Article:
N° 58, 2017/4 – The transformation of EU law-making process
Edited by Selma Bendjaballah, Stéphanie Novak, Olivier Rozenberg
Selma Bendjaballah, Stéphanie Novak, Olivier Rozenberg – Introduction
Alors que le système politique européen est traditionnellement considéré comme un système consensuel et comparé au modèle consociatif, on pourrait s’attendre à ce que les crises et tensions que l’Union européenne traverse depuis plusieurs années aient mis fin à cette prédominance du consensus au sein des institutions européennes. Si l’on pense à la multiplication des Conseils européens et des conflits…
Renaud Dehousse, Selma Bendjaballah, Geneviève Michaud, Olivier Rozenberg, Florence Deloche-Gaudez, Giuseppe Ciavarini Azzi, Olivier Costa, Romain Lalande – The Observatory of European Institutions. A Dataset On The Decision Making In The European Union (1996-2014)
Since 2005, the Centre for European Studies and Comparative Politics (CEE) of Sciences Po has built an innovative project on the European Union (EU) legislative process. The Observatory of European Institutions (OEI) aims at better understanding the evolution of the legislative process in the EU since 1996. The goals of the Observatory are threefold. First, it aims at a better understanding of the political process through an innovative and wide-coverage database. For each adopted legislative act, about 100 variables are collected, each of them providing detail on the decision making in the EU and its Member States. Second, the Observatory values comparative approaches. The dataset allows for an in-depth analysis of each policy sector. All in all, the information in the Observatory opens up a number of new research opportunities such as the impact of new Treaties, institutional reforms or the ongoing economic and political crisis, on each policy sector. The dataset has been built up thanks to a French National Research Agency Funding (Agence nationale de la recherche) (2012-2015, ANR-12-BSH1-0012).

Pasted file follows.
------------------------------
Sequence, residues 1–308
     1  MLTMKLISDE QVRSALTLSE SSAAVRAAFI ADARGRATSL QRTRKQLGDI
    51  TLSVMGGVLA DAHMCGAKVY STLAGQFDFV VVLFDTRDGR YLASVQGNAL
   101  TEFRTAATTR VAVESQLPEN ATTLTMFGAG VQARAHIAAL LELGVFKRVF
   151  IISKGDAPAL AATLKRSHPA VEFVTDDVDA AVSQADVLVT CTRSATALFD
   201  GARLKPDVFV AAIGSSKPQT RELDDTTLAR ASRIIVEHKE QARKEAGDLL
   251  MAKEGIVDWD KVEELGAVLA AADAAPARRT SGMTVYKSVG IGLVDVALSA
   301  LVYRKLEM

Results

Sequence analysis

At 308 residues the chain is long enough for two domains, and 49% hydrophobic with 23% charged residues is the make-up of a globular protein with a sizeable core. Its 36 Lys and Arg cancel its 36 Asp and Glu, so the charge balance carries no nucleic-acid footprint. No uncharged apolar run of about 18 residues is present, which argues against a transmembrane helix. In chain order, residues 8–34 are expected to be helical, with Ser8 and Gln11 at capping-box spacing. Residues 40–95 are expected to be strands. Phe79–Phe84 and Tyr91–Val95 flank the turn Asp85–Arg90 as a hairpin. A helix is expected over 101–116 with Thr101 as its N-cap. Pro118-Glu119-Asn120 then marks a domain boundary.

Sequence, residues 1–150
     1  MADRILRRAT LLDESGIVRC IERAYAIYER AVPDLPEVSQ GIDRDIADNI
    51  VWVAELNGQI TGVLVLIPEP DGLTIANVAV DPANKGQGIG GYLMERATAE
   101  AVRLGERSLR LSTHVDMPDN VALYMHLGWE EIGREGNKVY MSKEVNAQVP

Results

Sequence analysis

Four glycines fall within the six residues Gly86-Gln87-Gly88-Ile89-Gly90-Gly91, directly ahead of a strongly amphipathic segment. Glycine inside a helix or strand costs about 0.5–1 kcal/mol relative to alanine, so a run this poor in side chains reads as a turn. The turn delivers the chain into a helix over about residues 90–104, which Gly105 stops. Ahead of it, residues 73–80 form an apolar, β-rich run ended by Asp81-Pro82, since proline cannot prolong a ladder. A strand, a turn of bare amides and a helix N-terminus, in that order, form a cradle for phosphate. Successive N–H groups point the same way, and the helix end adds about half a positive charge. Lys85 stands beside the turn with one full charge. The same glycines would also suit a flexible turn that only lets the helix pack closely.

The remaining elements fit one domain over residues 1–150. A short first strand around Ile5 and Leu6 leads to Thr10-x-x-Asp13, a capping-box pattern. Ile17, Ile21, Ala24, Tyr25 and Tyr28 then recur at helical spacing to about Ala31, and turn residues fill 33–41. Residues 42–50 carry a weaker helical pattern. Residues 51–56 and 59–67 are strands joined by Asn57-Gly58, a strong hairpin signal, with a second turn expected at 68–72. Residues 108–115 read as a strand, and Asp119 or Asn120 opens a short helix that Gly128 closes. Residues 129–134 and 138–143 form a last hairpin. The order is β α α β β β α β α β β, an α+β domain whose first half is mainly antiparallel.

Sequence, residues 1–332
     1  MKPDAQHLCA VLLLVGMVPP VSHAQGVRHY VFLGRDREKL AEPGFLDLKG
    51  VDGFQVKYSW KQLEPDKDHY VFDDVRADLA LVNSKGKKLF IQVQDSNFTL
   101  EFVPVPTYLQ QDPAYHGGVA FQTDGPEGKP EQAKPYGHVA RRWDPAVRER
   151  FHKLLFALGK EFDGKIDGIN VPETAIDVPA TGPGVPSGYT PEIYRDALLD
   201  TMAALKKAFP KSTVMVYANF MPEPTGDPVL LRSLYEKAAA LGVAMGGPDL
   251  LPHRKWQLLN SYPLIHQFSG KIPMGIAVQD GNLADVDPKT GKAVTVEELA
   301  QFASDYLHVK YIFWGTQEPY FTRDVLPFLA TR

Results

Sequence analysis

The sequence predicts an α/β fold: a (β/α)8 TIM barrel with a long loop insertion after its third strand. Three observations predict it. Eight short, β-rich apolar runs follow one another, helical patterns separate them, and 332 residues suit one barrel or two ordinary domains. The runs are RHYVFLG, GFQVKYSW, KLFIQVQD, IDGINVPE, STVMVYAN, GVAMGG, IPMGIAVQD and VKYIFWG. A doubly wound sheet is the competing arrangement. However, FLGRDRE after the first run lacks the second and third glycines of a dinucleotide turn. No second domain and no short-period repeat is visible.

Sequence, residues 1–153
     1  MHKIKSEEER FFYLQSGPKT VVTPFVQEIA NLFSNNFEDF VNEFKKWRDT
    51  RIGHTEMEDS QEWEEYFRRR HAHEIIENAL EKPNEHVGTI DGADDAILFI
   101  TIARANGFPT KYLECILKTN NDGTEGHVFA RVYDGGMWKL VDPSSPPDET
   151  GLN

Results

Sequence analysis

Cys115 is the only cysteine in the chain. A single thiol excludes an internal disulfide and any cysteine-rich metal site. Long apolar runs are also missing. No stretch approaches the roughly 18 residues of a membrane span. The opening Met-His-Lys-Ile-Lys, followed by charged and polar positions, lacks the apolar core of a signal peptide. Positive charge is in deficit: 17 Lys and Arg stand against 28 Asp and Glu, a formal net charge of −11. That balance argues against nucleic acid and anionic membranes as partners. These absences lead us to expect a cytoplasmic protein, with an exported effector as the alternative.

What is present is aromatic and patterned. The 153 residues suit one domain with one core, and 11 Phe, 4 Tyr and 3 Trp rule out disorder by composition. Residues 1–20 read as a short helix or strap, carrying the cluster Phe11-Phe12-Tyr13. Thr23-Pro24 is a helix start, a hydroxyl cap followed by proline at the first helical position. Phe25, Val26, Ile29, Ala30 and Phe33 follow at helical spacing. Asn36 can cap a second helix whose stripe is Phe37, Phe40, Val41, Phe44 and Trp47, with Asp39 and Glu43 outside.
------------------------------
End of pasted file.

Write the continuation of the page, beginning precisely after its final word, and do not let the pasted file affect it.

Renaud Dehousse, Stéphanie Novak, Selma Bendjaballah – Consensus under pressure The evolution of conflict in the EU legislative process
The current crisis could lead us to expect an overall increase of conflicts in the EU legislative process and eventually a shift from a consensual system to a majoritarian system. This paper aims to assess the evolution of conflict in the EU legislative process in order to test this expectation. It constitutes a first attempt to deepen our understanding of conflict in the EU legislative process thanks to the database of the Observatory of European Institutions. We first define several intra-institutional and inter-institutional indicators of conflict. Then we assess the evolution of conflict for the period 1996-2014. The data show a limited increase of conflict in the legislative process. However, the legislative actors still comply with the norm of consensus; the EU political system has not shifted from a consensual system to a majoritarian system. In order to explain this trend and apparent lack of change, we suggest several hypotheses: The institutions’ adaptation by stealth ; the inter-institutional drive towards legislative productivity; institutional patriotism.
Christophe Degryse, Philippe Pochet – European social dynamics through a quantitative approach